Assuming your opponent is waiting on 58 wan, his hand must have 67 wan each.
If you can see(including your hand, discards and called tiles) four 7 wan, then there's no way his hand is holding 67 wan. 8 wan can only be a shanpon or tanki wait, making it safer.
This 7 wan is known in Japanese mahjong as [kabe], 8 wan is known as no chance tile.
The degree of safety of a no chance tile is equivalent to that of a word tile, therefore the more 8 wan you can see, the safer it is. (If three can be seen, the last one is 100% safe.)
Also, it is known as [usu kabe] if three 7 wan is seen, 8 wan is known as one chance tile. The risk of one chance is between a suji-pai and non suji-pai. The important thing to note is, as the game continues, the degree of safety for one chance gets lower and lower, as the chances of drawing the last 7 wan gets higher and higher.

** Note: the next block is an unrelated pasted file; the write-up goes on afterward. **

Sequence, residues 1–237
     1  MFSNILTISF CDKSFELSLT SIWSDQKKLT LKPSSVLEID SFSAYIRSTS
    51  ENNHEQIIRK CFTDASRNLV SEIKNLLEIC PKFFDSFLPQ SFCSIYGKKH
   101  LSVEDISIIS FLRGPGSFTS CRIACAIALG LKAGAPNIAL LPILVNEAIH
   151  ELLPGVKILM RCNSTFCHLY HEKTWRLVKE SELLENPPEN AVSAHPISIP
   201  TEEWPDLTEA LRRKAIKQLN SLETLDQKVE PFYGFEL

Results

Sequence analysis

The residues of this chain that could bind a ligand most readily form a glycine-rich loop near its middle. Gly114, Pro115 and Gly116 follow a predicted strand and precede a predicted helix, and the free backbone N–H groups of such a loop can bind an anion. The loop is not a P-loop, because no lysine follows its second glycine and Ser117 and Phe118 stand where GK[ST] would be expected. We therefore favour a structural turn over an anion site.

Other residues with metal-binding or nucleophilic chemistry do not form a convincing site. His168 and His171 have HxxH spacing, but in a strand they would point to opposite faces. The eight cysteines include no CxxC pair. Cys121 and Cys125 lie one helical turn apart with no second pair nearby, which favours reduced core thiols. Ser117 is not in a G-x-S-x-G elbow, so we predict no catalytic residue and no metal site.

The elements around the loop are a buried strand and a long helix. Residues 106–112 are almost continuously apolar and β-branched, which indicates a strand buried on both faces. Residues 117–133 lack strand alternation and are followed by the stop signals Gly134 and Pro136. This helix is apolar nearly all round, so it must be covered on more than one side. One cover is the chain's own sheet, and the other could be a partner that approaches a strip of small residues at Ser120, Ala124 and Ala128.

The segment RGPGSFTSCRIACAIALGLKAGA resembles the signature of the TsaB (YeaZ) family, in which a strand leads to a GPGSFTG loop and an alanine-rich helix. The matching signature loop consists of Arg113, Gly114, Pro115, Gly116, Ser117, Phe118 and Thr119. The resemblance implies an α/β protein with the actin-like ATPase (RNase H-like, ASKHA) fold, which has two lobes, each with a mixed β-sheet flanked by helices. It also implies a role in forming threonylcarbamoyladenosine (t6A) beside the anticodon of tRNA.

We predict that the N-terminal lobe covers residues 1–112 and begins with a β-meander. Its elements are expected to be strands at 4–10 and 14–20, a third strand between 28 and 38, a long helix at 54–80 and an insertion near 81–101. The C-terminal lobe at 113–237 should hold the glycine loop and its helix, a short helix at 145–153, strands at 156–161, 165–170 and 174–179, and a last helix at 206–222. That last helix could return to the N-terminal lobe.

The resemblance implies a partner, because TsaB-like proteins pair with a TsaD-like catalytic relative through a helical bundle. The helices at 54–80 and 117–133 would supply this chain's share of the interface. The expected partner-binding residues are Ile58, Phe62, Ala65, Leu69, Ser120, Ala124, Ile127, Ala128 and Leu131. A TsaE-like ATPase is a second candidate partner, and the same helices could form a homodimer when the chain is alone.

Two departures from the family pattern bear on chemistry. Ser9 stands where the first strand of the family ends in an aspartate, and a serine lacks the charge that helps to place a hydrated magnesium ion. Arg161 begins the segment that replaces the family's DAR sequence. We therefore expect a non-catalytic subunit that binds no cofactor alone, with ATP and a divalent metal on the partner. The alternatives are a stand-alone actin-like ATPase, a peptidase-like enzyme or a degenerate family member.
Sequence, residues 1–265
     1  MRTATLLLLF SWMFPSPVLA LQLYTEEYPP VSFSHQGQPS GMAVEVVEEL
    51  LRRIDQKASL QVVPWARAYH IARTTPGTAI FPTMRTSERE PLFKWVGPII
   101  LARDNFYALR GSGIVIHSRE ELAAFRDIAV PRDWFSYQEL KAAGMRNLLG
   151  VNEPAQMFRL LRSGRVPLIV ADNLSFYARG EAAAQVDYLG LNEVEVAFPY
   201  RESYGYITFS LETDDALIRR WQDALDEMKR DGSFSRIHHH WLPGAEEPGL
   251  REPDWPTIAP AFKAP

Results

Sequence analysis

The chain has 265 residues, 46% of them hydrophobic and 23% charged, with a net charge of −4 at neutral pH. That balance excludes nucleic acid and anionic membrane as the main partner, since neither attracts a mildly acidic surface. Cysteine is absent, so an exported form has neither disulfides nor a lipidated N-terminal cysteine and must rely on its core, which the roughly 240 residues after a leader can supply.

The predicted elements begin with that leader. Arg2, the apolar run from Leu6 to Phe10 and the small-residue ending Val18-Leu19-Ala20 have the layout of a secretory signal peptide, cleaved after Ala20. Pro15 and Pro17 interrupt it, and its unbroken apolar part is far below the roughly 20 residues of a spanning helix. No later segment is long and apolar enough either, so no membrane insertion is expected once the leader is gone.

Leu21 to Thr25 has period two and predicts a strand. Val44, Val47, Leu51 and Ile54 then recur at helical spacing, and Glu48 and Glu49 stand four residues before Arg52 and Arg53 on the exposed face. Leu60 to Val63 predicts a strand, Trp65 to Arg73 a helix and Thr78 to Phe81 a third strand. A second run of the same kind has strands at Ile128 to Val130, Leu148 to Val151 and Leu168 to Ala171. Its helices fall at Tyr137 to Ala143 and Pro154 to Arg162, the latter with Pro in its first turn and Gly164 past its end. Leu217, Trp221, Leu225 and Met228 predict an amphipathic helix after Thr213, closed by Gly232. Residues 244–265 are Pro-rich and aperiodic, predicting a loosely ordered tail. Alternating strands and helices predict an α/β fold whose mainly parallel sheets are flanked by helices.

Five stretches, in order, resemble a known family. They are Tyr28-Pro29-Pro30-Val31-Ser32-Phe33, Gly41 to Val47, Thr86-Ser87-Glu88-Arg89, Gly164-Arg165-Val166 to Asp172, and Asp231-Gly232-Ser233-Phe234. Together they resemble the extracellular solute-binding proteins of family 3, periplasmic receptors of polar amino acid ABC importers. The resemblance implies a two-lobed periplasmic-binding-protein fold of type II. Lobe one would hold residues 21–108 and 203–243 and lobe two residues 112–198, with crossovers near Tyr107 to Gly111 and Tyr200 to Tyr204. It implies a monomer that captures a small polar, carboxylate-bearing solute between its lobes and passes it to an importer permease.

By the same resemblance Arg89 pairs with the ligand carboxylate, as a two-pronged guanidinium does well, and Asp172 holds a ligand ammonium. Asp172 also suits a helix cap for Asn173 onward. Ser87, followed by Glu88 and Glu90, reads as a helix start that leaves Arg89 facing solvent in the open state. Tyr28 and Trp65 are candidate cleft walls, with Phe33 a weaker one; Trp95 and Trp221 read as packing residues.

Fusion of kabe and suji
Effective use of kabe and suji can help determine more safe tiles, listed below is a few common examples:
a) If 4 and 7 are both kabe, then 5 and 6 are the same as word tiles, they can only be tanki or shanpon waits.
b) If 9 has been discarded, 6 is half suji-pai. If 4 is a kabe, because 45 cannot form with 6, the degree of safety for 6 is equivalent to double suji-pai. It would be even better if 5 is a kabe, as 6 is on the same level as suji of 1 and 9.
Kabe and suji have roughly been discussed. The next time will be introducing tile risk table.
(To be continued)